Around a year ago I spoke with my friend Lauren Lindsay, a Certified Financial Planner, about talking to your family about money. You can read about that conversation here.
Lauren told me that she likes to begin all client conversations--whether it's people saving for college or preparing for retirement or trying to avoid bankruptcy--with a hypothetical question about budgets.
Imagine you have a $400 dining out budget for the month. How would you divide it? One really fabulous meal a month, and then normal meals at home the rest of the month? Go out on weekends, but watch your spending to make sure you don’t go over? A cheap fast food meal almost every night, and spend the grocery budget on something else? Talk through your answers and your reasoning.
It's a good icebreaker for often-stressful discussions about money, because it gives you a way to think about how you approach money. Lauren says we all have a "money message" and our own way of approaching finances, and this question allows people to become more aware of that. It also lets people discuss their differences in thinking.
I liked the exercise so much that I ask all my coaching clients to have the conversation with their own families. And now I've thought of another hypothetical question specifically for high school students about to take on debt for college. Debt means risk, and it's important to understand your own unconscious and emotional responses to risk before making big decisions. My hypothetical is a little more devious than Lauren's pleasant dining out question:
Imagine that I have three pieces of paper, and you can steal one of them from me without me knowing.
The first is a hundred dollar bill. You take it from me, you have an extra hundred bucks, game over.
The second is a lottery ticket with 50 numbers for the next Powerball drawing (they cost $2 each, so it costs $100 total). The jackpot is $100 million. If you take this, you'll probably get nothing. Or you may get a little bit of money. But you just might (a roughly 1 in 292 million chance) win a hundred million dollars. If you win the big jackpot, there's a risk that I will accuse you of stealing the ticket from me, but that would be very difficult to prove. And that would only be likely if you win the big one. You'd probably get away with it.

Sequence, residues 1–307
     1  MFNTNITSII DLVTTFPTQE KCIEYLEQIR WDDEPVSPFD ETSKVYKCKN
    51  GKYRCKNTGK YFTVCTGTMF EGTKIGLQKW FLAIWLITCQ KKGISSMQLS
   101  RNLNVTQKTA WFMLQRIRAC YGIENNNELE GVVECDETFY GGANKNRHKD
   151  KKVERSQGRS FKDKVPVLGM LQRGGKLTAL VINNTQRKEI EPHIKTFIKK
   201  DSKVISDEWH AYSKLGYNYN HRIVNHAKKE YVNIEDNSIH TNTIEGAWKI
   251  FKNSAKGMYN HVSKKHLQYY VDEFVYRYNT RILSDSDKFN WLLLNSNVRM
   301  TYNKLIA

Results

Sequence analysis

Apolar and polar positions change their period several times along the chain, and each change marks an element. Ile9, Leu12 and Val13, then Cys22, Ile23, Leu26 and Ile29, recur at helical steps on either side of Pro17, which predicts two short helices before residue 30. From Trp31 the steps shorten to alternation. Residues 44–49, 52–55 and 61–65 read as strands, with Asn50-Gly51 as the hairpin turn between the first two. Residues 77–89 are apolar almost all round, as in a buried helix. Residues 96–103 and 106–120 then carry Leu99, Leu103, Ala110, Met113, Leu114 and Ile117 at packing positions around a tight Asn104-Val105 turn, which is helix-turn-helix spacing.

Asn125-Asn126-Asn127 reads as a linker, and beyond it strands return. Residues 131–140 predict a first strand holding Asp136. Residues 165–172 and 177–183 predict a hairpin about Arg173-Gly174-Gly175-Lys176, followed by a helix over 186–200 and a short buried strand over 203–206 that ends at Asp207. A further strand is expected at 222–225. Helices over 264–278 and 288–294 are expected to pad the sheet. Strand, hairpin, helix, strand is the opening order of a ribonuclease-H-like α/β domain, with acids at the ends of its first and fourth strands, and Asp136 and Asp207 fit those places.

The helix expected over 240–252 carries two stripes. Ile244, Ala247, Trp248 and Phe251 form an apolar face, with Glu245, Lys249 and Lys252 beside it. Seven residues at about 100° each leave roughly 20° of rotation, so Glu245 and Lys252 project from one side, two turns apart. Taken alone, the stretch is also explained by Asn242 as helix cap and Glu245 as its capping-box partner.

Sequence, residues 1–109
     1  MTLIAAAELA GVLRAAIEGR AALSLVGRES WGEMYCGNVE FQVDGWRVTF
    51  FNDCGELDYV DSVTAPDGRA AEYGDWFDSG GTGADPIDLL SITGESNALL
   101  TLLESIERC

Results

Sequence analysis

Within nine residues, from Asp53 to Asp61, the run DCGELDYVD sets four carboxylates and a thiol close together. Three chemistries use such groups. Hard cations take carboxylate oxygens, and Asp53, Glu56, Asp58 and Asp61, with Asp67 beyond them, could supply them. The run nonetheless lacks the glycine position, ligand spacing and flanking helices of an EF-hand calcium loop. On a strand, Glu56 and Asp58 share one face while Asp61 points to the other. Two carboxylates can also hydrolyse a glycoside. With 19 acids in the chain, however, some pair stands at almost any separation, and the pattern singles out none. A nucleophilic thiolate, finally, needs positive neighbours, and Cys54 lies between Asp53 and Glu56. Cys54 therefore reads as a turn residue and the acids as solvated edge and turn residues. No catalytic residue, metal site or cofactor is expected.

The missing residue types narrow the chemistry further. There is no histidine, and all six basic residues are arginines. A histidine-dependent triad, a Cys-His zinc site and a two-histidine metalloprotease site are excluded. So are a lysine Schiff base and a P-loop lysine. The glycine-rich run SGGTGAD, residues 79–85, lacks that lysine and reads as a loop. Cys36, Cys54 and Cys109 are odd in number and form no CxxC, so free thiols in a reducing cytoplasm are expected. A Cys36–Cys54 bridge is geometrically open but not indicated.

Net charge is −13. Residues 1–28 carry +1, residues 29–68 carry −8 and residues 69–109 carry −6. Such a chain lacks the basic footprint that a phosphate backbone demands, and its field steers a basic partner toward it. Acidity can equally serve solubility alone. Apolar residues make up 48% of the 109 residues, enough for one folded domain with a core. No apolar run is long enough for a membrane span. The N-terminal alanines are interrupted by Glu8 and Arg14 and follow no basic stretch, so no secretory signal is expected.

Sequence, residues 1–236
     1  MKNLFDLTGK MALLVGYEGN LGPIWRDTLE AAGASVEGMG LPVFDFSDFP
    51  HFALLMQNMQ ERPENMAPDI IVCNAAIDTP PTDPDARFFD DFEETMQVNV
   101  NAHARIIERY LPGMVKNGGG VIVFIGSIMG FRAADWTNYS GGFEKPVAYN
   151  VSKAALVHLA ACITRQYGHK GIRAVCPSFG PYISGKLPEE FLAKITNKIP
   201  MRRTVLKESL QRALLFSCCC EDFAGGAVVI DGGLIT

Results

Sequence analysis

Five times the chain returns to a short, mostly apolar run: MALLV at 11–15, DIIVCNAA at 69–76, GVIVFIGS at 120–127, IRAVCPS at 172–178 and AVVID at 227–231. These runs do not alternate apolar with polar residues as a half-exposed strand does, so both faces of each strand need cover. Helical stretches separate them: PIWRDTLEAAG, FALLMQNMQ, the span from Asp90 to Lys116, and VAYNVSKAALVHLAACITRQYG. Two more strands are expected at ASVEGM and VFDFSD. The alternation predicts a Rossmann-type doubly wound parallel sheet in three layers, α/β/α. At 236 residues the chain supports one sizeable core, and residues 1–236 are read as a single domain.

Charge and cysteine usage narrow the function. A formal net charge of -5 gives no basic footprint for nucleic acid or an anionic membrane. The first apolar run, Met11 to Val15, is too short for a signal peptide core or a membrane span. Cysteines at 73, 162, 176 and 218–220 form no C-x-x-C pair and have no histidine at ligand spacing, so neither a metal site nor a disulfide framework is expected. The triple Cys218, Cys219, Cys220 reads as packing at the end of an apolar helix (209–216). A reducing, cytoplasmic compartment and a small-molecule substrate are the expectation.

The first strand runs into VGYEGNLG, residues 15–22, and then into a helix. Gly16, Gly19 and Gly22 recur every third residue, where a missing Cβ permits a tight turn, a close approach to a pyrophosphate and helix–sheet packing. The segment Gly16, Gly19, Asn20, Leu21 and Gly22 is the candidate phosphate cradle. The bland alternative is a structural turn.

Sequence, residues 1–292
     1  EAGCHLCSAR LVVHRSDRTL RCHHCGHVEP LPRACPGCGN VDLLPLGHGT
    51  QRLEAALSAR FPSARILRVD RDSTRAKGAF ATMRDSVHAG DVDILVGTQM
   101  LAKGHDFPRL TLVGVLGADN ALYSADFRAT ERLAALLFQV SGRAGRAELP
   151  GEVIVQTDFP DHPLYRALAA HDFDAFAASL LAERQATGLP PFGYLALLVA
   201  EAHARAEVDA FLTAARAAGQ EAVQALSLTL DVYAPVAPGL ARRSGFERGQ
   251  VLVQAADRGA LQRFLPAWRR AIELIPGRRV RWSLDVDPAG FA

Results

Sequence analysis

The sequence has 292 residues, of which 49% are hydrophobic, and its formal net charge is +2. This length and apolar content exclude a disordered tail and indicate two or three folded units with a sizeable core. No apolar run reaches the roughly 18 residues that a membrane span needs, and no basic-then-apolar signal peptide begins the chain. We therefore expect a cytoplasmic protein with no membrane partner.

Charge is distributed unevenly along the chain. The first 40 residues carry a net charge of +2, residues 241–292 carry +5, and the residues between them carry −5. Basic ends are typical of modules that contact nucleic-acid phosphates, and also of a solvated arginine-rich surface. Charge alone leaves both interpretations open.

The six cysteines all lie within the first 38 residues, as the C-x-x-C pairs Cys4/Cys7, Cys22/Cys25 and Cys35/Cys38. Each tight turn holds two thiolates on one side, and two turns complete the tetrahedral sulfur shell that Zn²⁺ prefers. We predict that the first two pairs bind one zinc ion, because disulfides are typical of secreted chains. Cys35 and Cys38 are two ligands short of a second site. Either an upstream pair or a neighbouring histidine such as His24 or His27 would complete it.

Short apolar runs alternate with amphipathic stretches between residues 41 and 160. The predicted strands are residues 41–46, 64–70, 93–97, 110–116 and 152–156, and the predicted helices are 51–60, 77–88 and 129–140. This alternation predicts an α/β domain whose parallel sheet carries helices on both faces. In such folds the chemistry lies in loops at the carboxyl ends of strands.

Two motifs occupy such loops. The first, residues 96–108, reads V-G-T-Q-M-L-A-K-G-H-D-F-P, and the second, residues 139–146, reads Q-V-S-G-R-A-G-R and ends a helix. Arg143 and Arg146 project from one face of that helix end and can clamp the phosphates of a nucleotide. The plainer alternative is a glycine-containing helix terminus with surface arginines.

The third is a bank statement that includes my account number and password. If you steal this, you'll have access to (probably) more than $100 but (almost certainly) less than $100 million. But getting the money from me will take more work, and it also has an increased risk of me or my bank catching you. If you know the right...or in this case wrong...people, you could probably sell the data to someone else and let them deal with it.
Which would you choose? Why?
I'll tell you my answer. I'd take the Powerball ticket. One hundred dollars wouldn't have a huge impact on my life right now, so it wouldn't feel like losing money to me. But $100 million would have a giant impact. Plus, I like the fun and suspense of it. (I think my wife can confirm that "frivolous but not technically disastrous" sums up pretty well my approach to money. Sorry, Darling.)
I can also see how someone who is behind on a car payment or stressing about family Christmas gifts would want the cash and would see the other options as really stupid. Or I can easily imagine someone saying "all three options are stealing, so don't judge. I'm going to take the bank statement and use my work ethic and ingenuity to maximize my returns." There isn't a wrong answer, but thinking about your answer and the reasons behind it can be illuminating.
Think about your own answer, and ask your friends and family about theirs. I only have two warnings:
1. This is just an intellectual exercise. Don't steal anything from anybody, even if you're sure you won't get caught!
2. This isn't a simple one-to-one correspondence. There's no "if you chose the hundred dollar bill, then you should go to this kind of college" formula here. It's just a matter of understanding your thinking--and feelings--about debt and risk before you have the student loan papers in front of you awaiting signature.